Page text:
Armed Conflict: Children

Foreign and Commonwealth Office written question – answered on 20th February 2019.

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Photo of John Lamont John Lamont Conservative, Berwickshire, Roxburgh and Selkirk

To ask the Secretary of State for Foreign and Commonwealth Affairs, if his Department will assess the merits of the conclusions and recommendations of the report entitled, No Choice: It takes a world to end the use of child soldiers, published by World Vision International in February 2019; and what steps his Department is taking to protect children at risk of recruitment by armed forces and his groups.

Photo of Mark Field Mark Field Minister of State

The UK government actively engages with civil society organisations, recognising that collaborative engagement can strengthen the protection of children in armed conflict. On 12 February 2019, the International Day against the Use of Child Soldiers, Lord Ahmad of Wimbledon met four youth participants from World Vision UK's newly launched campaign entitled 'It takes a World...To End Violence Against Children', to discuss their views and recommendations for government action regarding the use of children in armed forces and groups. The UK government recognises the importance of amplifying young people's voices and the powerful impact this can have in raising the profile of the Children and Armed Conflict (CAAC) Agenda. The UK government therefore continues to engage with World Vision on this agenda. An invitation has been extended to World Vision to present at the newly established cross-government Working Group on CAAC.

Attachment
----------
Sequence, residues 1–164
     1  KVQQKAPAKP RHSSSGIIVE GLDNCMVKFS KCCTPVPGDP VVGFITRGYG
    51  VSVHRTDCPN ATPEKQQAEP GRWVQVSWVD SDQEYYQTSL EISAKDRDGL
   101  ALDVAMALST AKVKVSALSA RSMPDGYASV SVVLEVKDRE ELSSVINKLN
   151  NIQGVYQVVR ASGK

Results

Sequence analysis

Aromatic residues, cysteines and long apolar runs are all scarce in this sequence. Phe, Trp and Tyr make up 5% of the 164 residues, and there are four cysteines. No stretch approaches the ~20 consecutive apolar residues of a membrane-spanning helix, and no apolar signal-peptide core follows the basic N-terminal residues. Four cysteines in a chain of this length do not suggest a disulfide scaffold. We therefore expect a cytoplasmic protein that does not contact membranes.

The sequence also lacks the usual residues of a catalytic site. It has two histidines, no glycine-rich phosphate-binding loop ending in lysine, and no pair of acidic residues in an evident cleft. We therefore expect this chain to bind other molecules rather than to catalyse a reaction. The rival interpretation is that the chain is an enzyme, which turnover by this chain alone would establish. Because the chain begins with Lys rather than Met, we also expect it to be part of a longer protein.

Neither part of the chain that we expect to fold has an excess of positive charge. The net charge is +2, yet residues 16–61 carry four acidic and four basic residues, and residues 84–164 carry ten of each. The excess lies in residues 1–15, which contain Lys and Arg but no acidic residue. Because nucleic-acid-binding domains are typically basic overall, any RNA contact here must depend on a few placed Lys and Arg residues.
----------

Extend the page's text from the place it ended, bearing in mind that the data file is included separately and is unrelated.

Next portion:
The UK is an active member of the United Nations Working Group on CAAC, which leads the international response to the issue of child soldiers and child protection. This includes pressing those parties to conflict listed in the UN Secretary-General's annual report on CAAC to enter into concrete action plans with the UN to verify and release any child soldiers associated with armed groups and forces and to prevent re-recruitment. The UK is the largest single financial contributor to the office of the UN Special Representative of the Secretary-General (SRSG) for CAAC, contributing £800,000 in the last five years. We have shown our support for the SRSG's recently launched Global Coalition for Reintegration (GCR) by joining the 'Friends of Reintegration' group, a forum to generate new ideas for supporting reintegration programmes and prevention of re-recruitment for children formerly associated with armed groups. The UK has confirmed it will be increasing its funding to the office of the SRSG for CAAC to £450,000 for the FY19/20 to continue assisting the SRSG with her current mandate and will be giving an additional £50,000 to fund extended activities pertaining to the GCR.

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